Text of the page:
4 590 TAN Lei The next definition is for comparing two closed subsets of C within a bounded region. Definition 2. For r a positive real number, we denote by D r the disc centered at 0 of radius r. For any closed set Ac<C, we define a compact set A r = (AnB,)vdD r. (1) (It is for a technical reason that we add dd r to AnD r.) Or, in order to analyse the local behavior of A near a point a ea, we use the translation τ_ α :zh->z α to translate a to the origin and define For A, B two closed sets in C, we have A r, B r e 3F. We can then define the Hausdorff-Chabauty distance of A, B in the window of D r to be (Fig. 4) Definitions. Assume ρ = \ρ\e ίθ, ρ >l, 0^ 1. A closed subset B of C is ρ-self-similar about 0 if there is r>0 such that B r. (2) B is also considered to be self-similar about 0 with the scale ρ. This says that under the magnification with the factor ρ together with the rotation of angle θ the set B remains unchanged within D r. 2. A closed subset A of (C is asymptotically ρ-self-similar about a point x e A if there is r>0 and a closed set B such that (ρ n τ_ x A) r -+B r while n-»oo (3) for the Hausdorff distance. The set B is automatically ρ-self-similar about 0, it is called the limit model of A at x. 3. Two closed sets A and B are asymptotically similar about 0 if there is r > 0 such that lim d r (ta,tb) = Q. (4) ίe,ί-»oo Fig. 4. A and A r

5 Similarity Between the Mandelbrot Set and Julia Sets 591 Remark. The property of similarity does not depend really on the value of r. In fact if (2), (3), or (4) hold for some value r > 0, then they hold for any 0 < τ' ^ τ, and (4) holds for every r > 0, since ί-» oo. Moreover, if B satisfies (2) for some value r > 0, we can set nen Then B'nD f = BnD r and (ρf) 5 = B' s for any 5 > 0. If A, B satisfy (3) for some value r>0, then by replacing B by B', the equality (3) will hold for every value s>0 instead of r (since \ρ\ n -+ao while n-»oo). (5) Examples 1. The disc D r itself is trivially self-similar. A line, a segment are self-similar. A curve with a tangent is asymptotically similar to its tangent. 2. The spiral S(λ) = {e λx xer} is e Λ -self-similar about 0 if \e λ \>\ (Fig. 5). 3. The Cantor set C. C is self-similar about any rational point, and is not selfsimilar about any irrational point xec. Let x = 0.t i t 2 t 3... be the expansion of x 6 C in base three. Then each t t is either 0 or 2. x is rational if and only if this expansion is eventually periodic, i.e. there are / and p such that t n = t n+p for each n ^ /. The minimal p is the eventual period of x. Hence C is 3 p -self-similar at x e C if and only if x is rational and the eventual period of x divides p. Lemma 2.1. Assume A, B closed. Fix r>0. We have 1. For every aeand r) d(a,b r )<Zd(a,B)^d(a,BnD r ). 2. δ(a r,b r )^ sup d(a,b) d(and n BnD r ). aear\d r Proof. Left to the reader. Π Proposition For A, B closed subsets of (C, if there are r>0, ρ, ρ >l such that lim d r (ρ n A,ρ n B) = Q (6) then lim d r (ta,tb) = Q, f-»oo,fe<c i.e. A and B are asymptotically similar about 0. (7) Fig. 5. a g( 1 β 1 2+ί "/ 4 )*; b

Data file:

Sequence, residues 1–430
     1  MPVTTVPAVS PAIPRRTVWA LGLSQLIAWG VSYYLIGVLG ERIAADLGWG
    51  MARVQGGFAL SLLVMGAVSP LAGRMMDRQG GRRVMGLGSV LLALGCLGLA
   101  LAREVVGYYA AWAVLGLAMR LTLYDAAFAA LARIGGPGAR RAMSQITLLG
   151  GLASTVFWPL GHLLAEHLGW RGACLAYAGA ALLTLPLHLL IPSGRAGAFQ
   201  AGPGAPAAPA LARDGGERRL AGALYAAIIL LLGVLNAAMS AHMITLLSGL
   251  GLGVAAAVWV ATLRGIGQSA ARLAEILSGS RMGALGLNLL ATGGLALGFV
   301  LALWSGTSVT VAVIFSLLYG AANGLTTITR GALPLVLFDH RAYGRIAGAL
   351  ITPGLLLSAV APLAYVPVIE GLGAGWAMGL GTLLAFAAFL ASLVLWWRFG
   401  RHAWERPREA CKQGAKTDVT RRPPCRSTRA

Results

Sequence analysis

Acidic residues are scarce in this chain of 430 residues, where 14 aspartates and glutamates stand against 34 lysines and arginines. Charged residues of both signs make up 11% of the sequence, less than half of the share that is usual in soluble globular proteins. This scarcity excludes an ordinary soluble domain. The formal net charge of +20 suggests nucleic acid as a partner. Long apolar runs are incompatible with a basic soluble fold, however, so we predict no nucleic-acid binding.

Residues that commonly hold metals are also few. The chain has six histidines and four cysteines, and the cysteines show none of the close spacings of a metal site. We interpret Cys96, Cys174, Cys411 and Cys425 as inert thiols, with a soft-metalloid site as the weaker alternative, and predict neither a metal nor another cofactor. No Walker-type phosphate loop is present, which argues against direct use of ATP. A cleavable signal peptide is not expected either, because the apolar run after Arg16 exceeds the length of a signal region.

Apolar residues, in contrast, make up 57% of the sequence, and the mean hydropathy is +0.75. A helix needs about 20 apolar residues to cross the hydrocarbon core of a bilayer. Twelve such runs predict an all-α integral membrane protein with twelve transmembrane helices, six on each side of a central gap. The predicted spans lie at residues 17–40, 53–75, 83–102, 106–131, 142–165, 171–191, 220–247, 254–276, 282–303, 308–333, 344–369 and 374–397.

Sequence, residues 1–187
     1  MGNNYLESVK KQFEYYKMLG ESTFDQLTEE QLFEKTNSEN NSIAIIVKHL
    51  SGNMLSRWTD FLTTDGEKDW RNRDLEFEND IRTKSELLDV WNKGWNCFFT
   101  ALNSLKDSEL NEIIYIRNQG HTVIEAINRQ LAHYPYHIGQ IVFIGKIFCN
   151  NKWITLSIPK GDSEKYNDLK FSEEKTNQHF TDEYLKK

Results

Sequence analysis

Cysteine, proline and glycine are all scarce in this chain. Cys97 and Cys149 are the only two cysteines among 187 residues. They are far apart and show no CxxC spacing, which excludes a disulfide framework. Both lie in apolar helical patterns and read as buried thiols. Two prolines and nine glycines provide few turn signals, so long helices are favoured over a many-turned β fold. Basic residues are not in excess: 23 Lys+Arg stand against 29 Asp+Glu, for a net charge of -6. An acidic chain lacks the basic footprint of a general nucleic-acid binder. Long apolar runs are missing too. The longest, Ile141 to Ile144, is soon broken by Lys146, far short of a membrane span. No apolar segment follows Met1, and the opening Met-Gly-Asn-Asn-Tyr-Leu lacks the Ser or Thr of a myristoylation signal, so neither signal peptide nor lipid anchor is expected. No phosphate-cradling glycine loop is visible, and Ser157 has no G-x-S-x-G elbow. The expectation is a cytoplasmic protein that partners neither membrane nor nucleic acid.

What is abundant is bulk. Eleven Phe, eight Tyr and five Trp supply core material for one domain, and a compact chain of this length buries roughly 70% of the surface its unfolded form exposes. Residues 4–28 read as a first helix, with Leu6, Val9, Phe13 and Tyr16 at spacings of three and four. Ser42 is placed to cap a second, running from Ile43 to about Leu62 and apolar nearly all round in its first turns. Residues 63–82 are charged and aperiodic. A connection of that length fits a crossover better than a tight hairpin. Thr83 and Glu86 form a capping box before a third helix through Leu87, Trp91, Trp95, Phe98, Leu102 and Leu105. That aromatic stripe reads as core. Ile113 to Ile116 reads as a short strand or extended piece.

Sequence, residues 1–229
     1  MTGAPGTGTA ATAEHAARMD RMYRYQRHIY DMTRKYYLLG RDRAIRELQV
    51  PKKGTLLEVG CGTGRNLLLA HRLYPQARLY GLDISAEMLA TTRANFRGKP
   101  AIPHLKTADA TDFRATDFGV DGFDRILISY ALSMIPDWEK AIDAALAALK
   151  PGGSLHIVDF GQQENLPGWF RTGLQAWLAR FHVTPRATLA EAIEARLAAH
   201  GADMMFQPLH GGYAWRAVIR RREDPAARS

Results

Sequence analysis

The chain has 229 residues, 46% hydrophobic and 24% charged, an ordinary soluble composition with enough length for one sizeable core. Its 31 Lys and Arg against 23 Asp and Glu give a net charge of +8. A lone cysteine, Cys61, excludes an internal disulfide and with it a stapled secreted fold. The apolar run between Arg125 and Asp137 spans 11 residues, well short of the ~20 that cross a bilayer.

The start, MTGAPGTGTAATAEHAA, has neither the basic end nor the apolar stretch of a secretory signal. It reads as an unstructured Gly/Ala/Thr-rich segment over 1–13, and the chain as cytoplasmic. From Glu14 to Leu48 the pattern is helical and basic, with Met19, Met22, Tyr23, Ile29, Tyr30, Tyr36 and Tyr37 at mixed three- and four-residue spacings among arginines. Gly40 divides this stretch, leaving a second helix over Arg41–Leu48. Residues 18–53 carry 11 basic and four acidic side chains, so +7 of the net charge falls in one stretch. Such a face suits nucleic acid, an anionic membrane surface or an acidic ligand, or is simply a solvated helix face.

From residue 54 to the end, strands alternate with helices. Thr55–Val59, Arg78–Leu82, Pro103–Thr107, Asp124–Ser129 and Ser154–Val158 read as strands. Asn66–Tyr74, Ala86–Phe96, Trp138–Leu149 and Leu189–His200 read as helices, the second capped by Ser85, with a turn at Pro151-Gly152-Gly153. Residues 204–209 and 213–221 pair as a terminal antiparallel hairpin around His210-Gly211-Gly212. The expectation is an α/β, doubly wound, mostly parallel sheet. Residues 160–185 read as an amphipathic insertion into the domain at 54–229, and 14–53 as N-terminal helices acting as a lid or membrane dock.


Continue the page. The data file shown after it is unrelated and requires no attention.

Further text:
6 592 TAN Lei 2. Any asymptotically self-similar set is asymptotically similar to its limit model. Proof. 1. For each β > 0, there is N > 0 such that if n > N then δ((ρ n A\, (ρ n B) r ) <_ε. If \t\ > T = \ρ\ N then ρ /I g ί < ρ π + 1 for some n>n. Hence for each xε(ta}r\d r we have x = ta = (t/ρ n )ρ n a with a e A and Hence ρ n a e (ρ"a)nd r. From we get Since f Ξg ρ ", we have d(ρ n a,(ρ n B) r )<s. hence So hence According to the above lemma, d(x,(tb) r ) = d(ta,(tb) r )<\ρ\ε.,(tb) r )ί sup d(x,(tb) r )<\ρ\ε. xe(ta)r\d r This proves δ((ta) r,(tb) r )-+Q while ί->oo. A similar analysis will give also δ((tb\,(ta) r )-*Q while ί->oo. 2. Let ^4 be asymptotically ρ-self-similar about 0 with the limit model B. Fixe r > 0, with (ρb) r = B r. Then (ρ^^β, and and lim ^(ρmuρ^h Mm δ((ρ n A) r,b r ) = Q w-^oo «-»oo lim δ((ρ n B) r,(ρm) r )= lim δ(b r, (ρ n A) r ) = 0. w~* oo w~* c» A, 5 verify (6) and then (7) by part 1. Π